Philip Showalter Hench was an American physician. Hench, along with his Mayo Clinic co-worker Edward Calvin Kendall and Swiss chemist Tadeus Reichstein was awarded the Nobel Prize for Physiology or Medicine in 1950 for the discovery of the hormone cortisone, and its application for the treatment of rheumatoid arthritis.
Hench was born in Pittsburgh, Pennsylvania, on February 28, 1896. Hench attended a private high school, Shadyside Academy, and then enrolled at the University of Pittsburgh in 1916. He received his B.A. from Lafayette in 1916 and enrolled at the University Of Pittsburgh School Of Medicine, where he received his M.D. in 1920.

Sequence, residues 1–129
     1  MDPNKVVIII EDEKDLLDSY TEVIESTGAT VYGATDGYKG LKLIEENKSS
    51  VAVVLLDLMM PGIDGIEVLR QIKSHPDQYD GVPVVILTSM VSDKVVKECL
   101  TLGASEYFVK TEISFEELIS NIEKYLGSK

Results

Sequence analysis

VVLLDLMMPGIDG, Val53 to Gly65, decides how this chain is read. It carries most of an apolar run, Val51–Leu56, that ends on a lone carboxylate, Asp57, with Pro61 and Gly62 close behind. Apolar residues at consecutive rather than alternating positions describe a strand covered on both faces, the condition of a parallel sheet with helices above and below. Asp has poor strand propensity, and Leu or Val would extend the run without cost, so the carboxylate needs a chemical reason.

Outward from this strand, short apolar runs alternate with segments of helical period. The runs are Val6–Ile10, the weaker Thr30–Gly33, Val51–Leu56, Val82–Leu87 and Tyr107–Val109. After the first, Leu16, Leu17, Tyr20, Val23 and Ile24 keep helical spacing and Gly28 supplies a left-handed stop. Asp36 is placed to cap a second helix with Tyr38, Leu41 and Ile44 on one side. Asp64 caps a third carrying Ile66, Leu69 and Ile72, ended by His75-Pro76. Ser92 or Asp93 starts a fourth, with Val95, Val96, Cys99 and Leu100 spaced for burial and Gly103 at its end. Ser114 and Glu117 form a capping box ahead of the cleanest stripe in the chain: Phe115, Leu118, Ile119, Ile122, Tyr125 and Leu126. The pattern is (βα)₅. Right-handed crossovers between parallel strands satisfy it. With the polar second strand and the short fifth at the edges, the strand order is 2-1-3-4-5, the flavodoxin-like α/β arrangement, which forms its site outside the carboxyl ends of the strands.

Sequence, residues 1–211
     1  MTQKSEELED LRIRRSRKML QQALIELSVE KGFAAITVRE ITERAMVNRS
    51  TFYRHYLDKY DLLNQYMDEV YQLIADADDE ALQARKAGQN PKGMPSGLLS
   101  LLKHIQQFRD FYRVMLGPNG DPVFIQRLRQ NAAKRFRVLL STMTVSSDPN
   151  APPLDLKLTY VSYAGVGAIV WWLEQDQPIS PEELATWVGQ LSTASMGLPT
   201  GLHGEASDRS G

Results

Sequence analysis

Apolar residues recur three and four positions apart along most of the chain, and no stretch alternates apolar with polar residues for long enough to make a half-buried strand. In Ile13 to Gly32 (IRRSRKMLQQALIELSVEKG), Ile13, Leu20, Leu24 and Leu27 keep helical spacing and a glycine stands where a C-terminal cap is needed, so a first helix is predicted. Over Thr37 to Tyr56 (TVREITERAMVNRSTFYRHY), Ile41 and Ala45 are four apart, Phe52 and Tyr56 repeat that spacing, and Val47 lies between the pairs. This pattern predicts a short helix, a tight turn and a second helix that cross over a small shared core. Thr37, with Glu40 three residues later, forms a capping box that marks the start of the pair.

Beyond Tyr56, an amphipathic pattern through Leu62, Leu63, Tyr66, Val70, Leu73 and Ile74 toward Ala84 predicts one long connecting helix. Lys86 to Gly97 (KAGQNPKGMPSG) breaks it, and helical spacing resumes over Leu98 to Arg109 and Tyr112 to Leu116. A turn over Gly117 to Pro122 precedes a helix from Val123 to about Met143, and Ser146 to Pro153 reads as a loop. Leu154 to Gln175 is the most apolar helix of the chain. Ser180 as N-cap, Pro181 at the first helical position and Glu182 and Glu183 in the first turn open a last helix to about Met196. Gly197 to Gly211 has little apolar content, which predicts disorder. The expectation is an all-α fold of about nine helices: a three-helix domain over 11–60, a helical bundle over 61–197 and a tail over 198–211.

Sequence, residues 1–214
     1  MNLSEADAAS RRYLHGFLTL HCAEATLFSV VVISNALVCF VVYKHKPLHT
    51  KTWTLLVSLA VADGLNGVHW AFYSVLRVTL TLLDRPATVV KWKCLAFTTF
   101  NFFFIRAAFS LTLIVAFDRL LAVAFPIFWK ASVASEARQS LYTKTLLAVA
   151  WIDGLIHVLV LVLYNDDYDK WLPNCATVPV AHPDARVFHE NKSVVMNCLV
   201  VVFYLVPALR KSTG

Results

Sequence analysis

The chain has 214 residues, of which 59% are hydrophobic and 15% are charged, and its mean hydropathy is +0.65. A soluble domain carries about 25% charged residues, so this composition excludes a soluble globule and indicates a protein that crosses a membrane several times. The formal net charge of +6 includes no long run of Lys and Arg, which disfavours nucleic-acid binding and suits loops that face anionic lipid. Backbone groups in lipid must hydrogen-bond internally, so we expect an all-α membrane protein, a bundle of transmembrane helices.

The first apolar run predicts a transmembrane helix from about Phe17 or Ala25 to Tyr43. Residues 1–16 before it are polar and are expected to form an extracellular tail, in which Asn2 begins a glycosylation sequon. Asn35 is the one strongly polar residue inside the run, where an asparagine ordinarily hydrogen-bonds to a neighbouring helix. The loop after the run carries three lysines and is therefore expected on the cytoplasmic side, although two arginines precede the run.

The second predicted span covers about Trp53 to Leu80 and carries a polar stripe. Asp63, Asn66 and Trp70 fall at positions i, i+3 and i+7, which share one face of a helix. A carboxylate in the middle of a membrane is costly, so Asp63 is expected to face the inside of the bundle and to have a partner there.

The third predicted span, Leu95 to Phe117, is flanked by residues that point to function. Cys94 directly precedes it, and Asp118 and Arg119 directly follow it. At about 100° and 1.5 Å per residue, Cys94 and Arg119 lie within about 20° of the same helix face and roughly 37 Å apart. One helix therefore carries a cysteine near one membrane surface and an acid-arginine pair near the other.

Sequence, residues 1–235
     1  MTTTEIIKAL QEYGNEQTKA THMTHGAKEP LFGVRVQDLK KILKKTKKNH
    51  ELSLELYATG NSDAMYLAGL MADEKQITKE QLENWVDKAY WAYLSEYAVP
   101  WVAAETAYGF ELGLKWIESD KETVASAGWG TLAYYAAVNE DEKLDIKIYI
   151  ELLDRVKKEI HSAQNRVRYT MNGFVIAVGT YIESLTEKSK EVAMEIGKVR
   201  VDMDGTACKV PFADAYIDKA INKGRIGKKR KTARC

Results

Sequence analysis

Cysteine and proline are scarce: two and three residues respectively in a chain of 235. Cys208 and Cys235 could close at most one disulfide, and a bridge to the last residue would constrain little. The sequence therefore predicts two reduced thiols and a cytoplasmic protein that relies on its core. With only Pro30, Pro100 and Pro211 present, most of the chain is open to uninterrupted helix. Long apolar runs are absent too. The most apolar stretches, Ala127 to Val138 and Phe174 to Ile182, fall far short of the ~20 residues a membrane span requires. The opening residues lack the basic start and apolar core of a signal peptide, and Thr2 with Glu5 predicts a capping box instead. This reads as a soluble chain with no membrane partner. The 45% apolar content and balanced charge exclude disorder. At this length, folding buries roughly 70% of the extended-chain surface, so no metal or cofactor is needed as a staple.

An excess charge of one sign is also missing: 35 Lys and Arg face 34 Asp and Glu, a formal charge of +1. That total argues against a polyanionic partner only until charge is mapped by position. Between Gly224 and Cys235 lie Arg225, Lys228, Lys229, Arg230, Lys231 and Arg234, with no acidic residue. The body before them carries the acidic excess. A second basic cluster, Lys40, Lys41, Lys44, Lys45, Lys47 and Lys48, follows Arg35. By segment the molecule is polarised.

Hench became a fellow in medicine at the Mayo Foundation of the University of Minnesota. The bright young physician and scientist would spend his entire career at the Mayo Clinic, where, in 1926, he cofounded the Department of Rheumatic Disease, which was the first training program in rheumatology in the United States. Hench spent the 1927-28 academic year on sabbatical studying research medicine with Ludwig Aschoff , a leading rheumatic fever investigator, at Freiburg University. He also studied with clinician Freidrich von Müller in Munich. Hench completed his formal education in 1931 when he received a Master of Science degree in internal medicine from the University of Minnesota.
Hench retired from the Mayo Foundation in 1957. In addition to the Nobel Prize, he was a recipient of the numerous awards, including the prestigious Lasker Award, which he also shared with Kendall. In short, Hench came to be the world's expert on the yellow fever story and the stewar